Thesis ID: CBB684396859

Reviving the Search for Life: Astrobiology, NASA, and the Politics of Science in the Late Twentieth-Century United States (2022)


Doel, Ronald E. (Advisor)
Varga, Ian J. (Author)

Doel, Ronald E.
Florida State University
Publication date: 2022
Language: English

Publication Date: 2022
Physical Details: 280

This dissertation describes the political origins and history of the scientific field of astrobiology, a discipline founded by NASA in the mid-1990s and whose practitioners search for and study extraterrestrial life and its potential evolution and origins. It argues that, despite the claims of scientists and past historians that astrobiology formed primarily because of new scientific developments, the field and the subsequent institution NASA created, the NASA Astrobiology Institute (NAI), were political products representative of changes in the relationship between space science and the American federal government in the 1990s. According to this dissertation, I argue astrobiology was a neoliberal science, born in an era in which the federal government expected sciences it funded to focus on the effect deficit cutting, balancing the federal budget, and connections with private industries. This political dynamic differed from the Cold War period when the government invested heavily in NASA to produce science and technology for national defense or competition with the Soviet Union. This emphasis on of neoliberal and fiscal and budgetary politics contrasts with how scholars have described NASA or astrobiology before. Overall, the dissertation asserts that astrobiology, while a singular example, is indicative of the differences in American scientific patronage and NASA’s national identity from the Cold War to the post-Cold War era. More specifically, astrobiology also reflected the constant financial, political battles NASA had faced since the 1970s when the agency tried to establish long-lasting relevance after the Apollo program. With Congress and the White House in the 1990s insisting the agency downsize or face potential closures and privatization, NASA administrator Daniel Goldin attempted to reinvent the agency and reassert its commitment to basic but cost-effective scientific research, including on extraterrestrial life. NAI was thus an instrument to appease the federal government and advance NASA’s larger goal of stabilizing its funding. In terms of research, the project employs a mixture of NASA archival resources at the NASA History Office in Washington, DC, and NASA Ames History Archives in Mountain View, California, as well as published primary and secondary sources. It also uses a series of oral histories I conducted with relevant astrobiologists.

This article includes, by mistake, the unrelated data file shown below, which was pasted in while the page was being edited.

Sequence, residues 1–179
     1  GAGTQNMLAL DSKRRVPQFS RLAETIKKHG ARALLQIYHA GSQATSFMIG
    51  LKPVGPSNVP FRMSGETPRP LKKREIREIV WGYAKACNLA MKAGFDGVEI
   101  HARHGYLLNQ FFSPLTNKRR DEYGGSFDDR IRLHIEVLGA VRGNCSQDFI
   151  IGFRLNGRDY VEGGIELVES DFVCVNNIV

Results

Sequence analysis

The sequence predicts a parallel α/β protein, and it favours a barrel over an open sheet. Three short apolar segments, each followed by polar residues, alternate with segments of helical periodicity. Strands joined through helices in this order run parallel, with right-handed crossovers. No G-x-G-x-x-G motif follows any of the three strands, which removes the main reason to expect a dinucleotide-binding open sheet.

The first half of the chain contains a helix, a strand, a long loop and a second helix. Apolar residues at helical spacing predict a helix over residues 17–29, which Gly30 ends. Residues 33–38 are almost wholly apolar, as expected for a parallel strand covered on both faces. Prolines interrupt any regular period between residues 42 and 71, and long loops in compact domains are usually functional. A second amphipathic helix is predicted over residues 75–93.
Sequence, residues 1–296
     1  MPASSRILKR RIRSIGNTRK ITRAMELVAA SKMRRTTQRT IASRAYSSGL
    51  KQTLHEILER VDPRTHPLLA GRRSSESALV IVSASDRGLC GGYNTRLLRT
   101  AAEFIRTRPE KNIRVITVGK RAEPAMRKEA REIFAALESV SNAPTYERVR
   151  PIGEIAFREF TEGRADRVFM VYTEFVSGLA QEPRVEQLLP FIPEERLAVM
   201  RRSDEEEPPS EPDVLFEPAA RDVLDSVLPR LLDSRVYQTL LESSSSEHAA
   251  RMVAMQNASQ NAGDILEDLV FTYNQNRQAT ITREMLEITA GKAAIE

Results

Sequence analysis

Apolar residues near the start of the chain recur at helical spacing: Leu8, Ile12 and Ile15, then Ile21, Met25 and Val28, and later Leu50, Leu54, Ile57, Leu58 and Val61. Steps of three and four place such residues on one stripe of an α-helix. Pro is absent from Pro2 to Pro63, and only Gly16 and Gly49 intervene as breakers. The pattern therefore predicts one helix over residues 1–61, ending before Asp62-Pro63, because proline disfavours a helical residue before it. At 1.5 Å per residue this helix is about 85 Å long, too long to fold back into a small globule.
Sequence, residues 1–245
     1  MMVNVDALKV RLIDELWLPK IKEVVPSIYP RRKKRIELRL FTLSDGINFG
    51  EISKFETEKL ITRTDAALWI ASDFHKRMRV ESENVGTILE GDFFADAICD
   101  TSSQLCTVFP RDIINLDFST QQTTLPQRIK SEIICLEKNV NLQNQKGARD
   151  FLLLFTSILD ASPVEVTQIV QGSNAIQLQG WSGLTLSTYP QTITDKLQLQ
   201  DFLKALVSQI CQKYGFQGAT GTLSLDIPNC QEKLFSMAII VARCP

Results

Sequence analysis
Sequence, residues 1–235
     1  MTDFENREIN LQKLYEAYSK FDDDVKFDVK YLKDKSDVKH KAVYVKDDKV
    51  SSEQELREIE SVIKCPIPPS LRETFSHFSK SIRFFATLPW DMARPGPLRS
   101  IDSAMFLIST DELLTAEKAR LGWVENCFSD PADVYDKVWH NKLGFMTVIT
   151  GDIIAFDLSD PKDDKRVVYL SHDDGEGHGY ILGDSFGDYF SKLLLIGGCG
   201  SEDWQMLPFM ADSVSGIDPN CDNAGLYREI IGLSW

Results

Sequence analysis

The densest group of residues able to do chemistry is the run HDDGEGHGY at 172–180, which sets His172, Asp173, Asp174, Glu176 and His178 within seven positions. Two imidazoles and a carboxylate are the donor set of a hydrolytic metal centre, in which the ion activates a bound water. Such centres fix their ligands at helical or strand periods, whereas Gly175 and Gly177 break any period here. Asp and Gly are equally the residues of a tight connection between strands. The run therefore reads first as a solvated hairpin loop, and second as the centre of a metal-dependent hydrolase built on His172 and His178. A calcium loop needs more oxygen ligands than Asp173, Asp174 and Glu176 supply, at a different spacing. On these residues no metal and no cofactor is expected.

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Authors & Contributors
Alcañiz, Isabella
Anadon, Laura Diaz
Berman, Elizabeth Popp
Brown, Mark B.
Butrica, Andrew J.
Charrow, Robert P.
Minerva: A Review of Science, Learning and Policy
Public Understanding of Science
American Scientist
American Studies
Latin American Research Review
Social Studies of Science
George Washington University
Franz Steiner Verlag
Harvard University Asia Center
Oxford University Press
Princeton University Press
University of Arizona Press
Science and politics
Government sponsored science
Funding and finance
Science and economics
Science and government
Research support
Reagan, Ronald
Time Periods
20th century, late
21st century
20th century
19th century
20th century, early
United States
California (U.S.)
United States. National Aeronautics and Space Administration
National Radio Astronomy Observatory (U.S.)
Rossiiskaia Akademiia Nauk
Deutsche Forschungsgemeinschaft
Public universities and colleges

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